Archives for posts with tag: canoe trips

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Canoe the Wild is offering a fully outfitted and guided canoe trip on the Bonaventure River, June 2019.

One of Eastern Canada’s finest rivers with lots and lots of lively and class I-II whitewater with no portages and only a few linings. There are several class III ledge drops that can be lined or paddled. The Bonaventure starts out as a swift moving mountain stream with many sharp turns growing in size as we descend through a valley of Black Spruce.

The Bonaventure is a great choice for groups & individuals with good paddling skills. The views of the surrounding hills are spectacular. Trip is 7 days and we paddle 80 miles. Typically not a physically demanding trip unless the water is on the high side. Note: In the case of very high water, we offer paddling the lower Bonaventure then shift over and paddle the Cascapedia River.

NOTE: Being our earlier trip in June , this more then likely will be an all adult canoe trip.

  • Day 1: We meet up in Houlton, Maine for the 6 hour drive to the town of Bonaventure, where we tent overnight in a local campground.
  • Day 2: We meet our shuttle drivers for breakfast, then head into the headwaters of the Bonaventure in the Chic Choc Mountains. On this day, we only paddle a short distance and set up camp.
  • Days 2-4: The Bonaventure starts out as a swift moving mountain stream with many sharp turns, growing in size as we descend through a valley of Black Spruce. The views of the surrounding hills are spectacular.
  • Day 5: We are in the gorge with several ledge drops and numerous class II rapids.
  • Days 6-7: The river is much wider, and we paddle over many beautiful salmon pools on our way to the Bay of Chaleur.
  • Day 8: We take out mid-morning, grab a quick shower, hit the road, arriving back in the Houlton area early evening.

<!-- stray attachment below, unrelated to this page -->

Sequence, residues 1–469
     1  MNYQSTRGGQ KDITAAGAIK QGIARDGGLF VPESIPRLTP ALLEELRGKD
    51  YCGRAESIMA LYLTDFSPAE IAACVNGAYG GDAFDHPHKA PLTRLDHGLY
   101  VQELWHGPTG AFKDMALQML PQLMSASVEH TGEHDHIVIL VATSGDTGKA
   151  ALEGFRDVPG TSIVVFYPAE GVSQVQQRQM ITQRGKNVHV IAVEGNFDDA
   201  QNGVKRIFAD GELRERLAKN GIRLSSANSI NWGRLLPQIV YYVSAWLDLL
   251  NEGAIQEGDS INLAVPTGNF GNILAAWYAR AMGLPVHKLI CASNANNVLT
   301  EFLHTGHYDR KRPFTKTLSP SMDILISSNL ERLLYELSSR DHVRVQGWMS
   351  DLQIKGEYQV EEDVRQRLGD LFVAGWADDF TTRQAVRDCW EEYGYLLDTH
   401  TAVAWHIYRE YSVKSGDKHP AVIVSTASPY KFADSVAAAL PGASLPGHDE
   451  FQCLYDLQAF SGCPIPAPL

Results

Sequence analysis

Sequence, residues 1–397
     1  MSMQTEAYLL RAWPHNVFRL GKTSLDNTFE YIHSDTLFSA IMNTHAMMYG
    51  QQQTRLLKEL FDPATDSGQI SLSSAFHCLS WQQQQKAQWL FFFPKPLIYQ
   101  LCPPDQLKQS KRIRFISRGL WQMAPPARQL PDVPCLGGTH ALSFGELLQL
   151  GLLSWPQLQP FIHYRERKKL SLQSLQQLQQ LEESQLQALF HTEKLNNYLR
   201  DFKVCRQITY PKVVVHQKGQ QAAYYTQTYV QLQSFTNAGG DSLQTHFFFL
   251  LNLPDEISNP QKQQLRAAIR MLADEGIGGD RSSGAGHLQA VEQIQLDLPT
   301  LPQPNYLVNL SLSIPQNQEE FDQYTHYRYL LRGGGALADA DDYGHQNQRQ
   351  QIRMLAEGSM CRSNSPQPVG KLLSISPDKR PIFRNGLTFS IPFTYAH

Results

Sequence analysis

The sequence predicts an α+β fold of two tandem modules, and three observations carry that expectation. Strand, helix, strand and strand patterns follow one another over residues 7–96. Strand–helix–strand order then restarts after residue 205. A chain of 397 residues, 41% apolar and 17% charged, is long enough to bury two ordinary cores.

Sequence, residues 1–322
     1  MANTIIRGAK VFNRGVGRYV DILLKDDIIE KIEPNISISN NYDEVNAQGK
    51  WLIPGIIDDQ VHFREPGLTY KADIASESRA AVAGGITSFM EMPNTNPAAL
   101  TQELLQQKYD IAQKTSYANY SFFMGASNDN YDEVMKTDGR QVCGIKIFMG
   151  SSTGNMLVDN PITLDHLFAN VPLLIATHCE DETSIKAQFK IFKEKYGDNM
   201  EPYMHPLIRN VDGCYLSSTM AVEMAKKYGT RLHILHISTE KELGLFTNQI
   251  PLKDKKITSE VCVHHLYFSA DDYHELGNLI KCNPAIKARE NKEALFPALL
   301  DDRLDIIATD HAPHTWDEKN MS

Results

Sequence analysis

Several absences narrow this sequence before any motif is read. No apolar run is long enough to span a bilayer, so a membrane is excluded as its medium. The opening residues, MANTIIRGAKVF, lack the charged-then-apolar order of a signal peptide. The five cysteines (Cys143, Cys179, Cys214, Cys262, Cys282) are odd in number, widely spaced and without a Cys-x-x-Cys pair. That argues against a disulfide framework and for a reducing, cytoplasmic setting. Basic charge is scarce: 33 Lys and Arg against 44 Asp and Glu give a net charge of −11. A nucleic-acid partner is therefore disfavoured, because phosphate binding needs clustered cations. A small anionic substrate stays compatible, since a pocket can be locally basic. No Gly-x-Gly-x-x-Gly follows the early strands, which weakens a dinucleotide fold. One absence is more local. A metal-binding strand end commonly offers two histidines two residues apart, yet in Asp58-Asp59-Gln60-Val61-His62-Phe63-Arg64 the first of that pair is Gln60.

Cost per person, $1695.00

Pictures of one of our June 2018 Bonaventure River Canoe Trips

Please contact Dave Conley of Canoe the Wild for more information about this trip.

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Six day Allagash canoe trip from Chamberlain Lake to Round Pond. Explored the artifacts of the Allagash Logging days including the trains and tramway near Eagle Lake. Chase Stream Rapids was a highlight for many while spotting a small bull moose on Long Lake was a highlight for others. Canoe the Wild offers guided Maine canoe trips for all ages in 2019 from 4 to 7 days in duration. Trips are fully outfitted and guided. Meals are fantastic and no previous experience is necessary. Visit our 2019 canoe trip schedule and let a Maine guide assist you on your next Maine canoe trip.

A guided Maine canoe trip with Canoe the Wild on Spednic Lake offering great small mouth bass fishing and beautiful scenery. Spednic Lake is located above the St. Croix River and below East Grand Lake. Another Maine canoe trip that makes for a great Maine summer vacation include 4 days or longer on the Allagash River.

Canoe the Wild offers group outings for your corporation, large or small. Canoe trips can be 3 days and 2 nights on the St. Croix River. No previous experience is necessary. We provide all meals, necessary equipment and have your vehicles moved to trip’s end. Instruction given as necessary. Contact Canoe the Wild to discuss a custom Maine canoe trip for your group.